By: Cara Bertron
An essential role of preservation advocates and planners is to help create healthy, dynamic places while preserving and adapting important heritage. Historic resource surveys are a critical part of that ongoing process. On a basic level, they provide information about the local history and landscape that allows for the identification of potential historic resources. Those resources can then be considered in large- and small-scale discussions around neighborhood plans, new developments, and demolitions. As preservation planners and advocates, we can use this data to become more effective, proactive participants in developing a strong planning framework for the built environment.
Collecting the right information for the tasks at hand is a key strategic decision that depends on the scale of the area, time constraints, and budget. Sometimes an intensive survey is appropriate: When San Francisco was considering zoning changes in certain neighborhoods, every building more than 45 years old was surveyed. Other situations might require reconnaissance-level surveys. Planners in Syracuse, N.Y., conduct windshield surveys of all properties on the city’s demolition list, flagging buildings that appear to be eligible for historic designation for further research. In other cases, thematic surveys yield information on schools, government buildings, postwar public housing, or other property types.
In recent years, technology has greatly expanded our ability to record data about the built environment, as well as to analyze and share the information we collect. Planning tools have incorporated smaller mobile devices and sophisticated data management systems, and these in turn have been adapted to record information about historic neighborhoods, towns, and cities. Today’s surveyors are increasingly likely to use mobile tablet PCs or smartphones rather than paper checklists in the field, and they will probably enter data into a relational database or a spreadsheet instead of a file folder. Geographic Information Systems (GIS) software allows preservationists and planners to analyze data on historic significance and integrity alongside other variables such as traffic, zoning, demographic shifts, and foreclosures. More than ever, we are able to tease out complex relationships to help inform complicated decisions.
Yet these tools alone do not solve the challenges of scale, time, effectiveness, and funding. In most cities, towns, and rural areas, potential survey areas are huge, complicating data collection even with the most sophisticated field tools. Large-scale plans or small-scale redevelopments may require data to be available more quickly than the traditional survey timeline. As yet, there is no standard model for integrating survey data with planning efforts. And few cities and preservation organizations have the ability to pay for surveys that document every building over 45 years old.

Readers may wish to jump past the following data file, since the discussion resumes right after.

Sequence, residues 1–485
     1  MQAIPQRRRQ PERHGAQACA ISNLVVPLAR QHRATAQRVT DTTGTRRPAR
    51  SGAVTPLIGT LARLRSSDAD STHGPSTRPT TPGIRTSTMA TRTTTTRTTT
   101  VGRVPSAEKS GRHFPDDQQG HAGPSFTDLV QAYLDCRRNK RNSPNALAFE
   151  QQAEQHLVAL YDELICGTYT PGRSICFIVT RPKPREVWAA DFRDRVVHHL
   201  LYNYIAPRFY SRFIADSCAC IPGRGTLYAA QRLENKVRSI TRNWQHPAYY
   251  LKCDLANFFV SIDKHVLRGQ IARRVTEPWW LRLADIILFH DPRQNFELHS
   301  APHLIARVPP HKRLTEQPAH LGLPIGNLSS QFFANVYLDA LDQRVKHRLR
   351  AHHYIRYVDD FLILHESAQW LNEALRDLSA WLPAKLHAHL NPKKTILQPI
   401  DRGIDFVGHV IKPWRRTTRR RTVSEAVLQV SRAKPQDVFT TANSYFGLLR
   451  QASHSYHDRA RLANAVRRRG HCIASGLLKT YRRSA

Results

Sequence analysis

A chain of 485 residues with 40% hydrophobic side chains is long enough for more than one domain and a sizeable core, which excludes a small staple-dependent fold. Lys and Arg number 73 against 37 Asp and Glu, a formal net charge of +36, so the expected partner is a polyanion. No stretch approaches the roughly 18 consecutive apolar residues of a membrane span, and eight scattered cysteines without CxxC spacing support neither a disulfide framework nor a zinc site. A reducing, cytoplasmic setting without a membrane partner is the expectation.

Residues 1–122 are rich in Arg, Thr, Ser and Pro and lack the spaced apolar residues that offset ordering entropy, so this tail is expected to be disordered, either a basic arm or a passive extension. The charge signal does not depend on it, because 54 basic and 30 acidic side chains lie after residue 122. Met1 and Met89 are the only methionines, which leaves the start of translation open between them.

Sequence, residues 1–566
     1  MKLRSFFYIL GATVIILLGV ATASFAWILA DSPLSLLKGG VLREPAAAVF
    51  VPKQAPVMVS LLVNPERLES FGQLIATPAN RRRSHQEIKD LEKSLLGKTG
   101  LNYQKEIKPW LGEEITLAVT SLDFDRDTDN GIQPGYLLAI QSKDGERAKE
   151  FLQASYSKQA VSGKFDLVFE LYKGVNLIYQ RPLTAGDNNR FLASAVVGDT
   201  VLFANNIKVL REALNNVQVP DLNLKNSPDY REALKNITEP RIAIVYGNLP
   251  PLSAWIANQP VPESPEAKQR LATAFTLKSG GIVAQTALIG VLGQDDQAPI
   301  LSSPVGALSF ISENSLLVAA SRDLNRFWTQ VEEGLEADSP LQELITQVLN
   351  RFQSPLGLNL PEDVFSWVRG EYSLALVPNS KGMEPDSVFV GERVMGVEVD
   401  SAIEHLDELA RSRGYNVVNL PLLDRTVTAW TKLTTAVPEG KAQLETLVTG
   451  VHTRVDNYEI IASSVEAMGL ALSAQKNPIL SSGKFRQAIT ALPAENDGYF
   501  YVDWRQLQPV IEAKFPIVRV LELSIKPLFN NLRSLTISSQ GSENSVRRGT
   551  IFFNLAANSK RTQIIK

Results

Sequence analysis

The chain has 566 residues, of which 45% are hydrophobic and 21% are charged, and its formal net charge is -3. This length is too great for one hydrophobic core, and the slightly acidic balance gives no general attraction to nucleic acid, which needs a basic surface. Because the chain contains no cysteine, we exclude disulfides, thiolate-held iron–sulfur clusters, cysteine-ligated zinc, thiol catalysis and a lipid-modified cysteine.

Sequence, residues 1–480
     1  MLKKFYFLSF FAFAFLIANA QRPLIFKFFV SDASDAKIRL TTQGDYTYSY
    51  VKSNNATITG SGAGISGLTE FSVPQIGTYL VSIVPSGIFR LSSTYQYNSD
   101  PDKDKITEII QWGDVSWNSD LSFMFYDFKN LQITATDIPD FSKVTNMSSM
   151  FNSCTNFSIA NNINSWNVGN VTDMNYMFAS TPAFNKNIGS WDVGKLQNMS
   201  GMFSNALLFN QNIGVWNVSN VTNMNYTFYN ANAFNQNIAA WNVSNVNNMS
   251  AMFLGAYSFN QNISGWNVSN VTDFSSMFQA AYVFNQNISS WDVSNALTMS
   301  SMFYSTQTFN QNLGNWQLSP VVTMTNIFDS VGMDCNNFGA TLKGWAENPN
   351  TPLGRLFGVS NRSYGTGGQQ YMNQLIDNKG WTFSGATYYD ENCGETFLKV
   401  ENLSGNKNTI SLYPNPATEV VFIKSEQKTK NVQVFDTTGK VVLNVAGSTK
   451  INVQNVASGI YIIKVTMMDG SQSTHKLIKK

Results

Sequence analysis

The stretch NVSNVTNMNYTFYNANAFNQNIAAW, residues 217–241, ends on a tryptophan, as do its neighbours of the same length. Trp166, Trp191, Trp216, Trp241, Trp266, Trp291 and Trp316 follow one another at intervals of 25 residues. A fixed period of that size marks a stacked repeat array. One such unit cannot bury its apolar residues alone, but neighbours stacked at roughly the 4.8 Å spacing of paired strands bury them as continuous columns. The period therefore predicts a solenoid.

Several innovative survey approaches have been developed that leverage technology even further to pragmatically address these challenges. They collect information using participatory online platforms and high-resolution online maps, in addition to fieldwork. These technologies allow surveys to quickly cover large areas at lower costs by providing a means for the broader public to participate in survey work and by viewing entire blocks in birds-eye view. One approach redefines the survey unit from one building to a multi-parcel unit, scaling up data collection at a lower cost. Each survey methodology facilitates information-sharing between agencies by linking survey results in GIS databases to planning and other systems.
Austin Historical Survey Wiki
Developed by the University of Texas at Austin, the Austin Historical Survey Wiki brings preservation into the crowdsourcing age. The publicly accessible online database allows anyone to register as a user and enter information about any property in the city. After preservation professionals vet the information entered into the wiki for accuracy, Austin’s Historic Preservation Office reviews it and enters it into the city’s official inventory.
Surveying Los Angeles’s 880,000 parcels across 466 square miles required a new approach and a significant community engagement effort. SurveyLA’s MyHistoricLA program invites community members to help professional survey teams identify significant properties, which are then vetted as part of the reconnaissance surveys. For historic context statements, detailed historic context tables identified themes that were loaded into the survey database and used directly in the field to evaluate potential historic resources.
Researchers at the University of Pennsylvania wanted to assess large swaths of Philadelphia in a very short time to inform a new comprehensive planning effort and rezoning across the city. They devised coarse-grain, very low-cost surveys using digital aerial photographs and historic maps to identify groupings of properties constructed at a similar time with similar forms. GIS analysis based on property age and/or type then led to targeted windshield surveys for integrity, and ultimately maps of historic character areas.
Cara Bertron is the director of the Rightsizing Cities Initiative at PlaceEconomics and works as Real Estate Lab coordinator at the Seattle Chinatown International District Preservation and Development Authority. She previously developed and managed the Character Study Project in Philadelphia.
You can learn more about innovative field survey techniques at “Survey Slam: The Latest in Survey Techniques and Approaches,” an educational session at the National Preservation Conference in Indianapolis.
A version of this post also appeared in Forum Journal in summer 2013.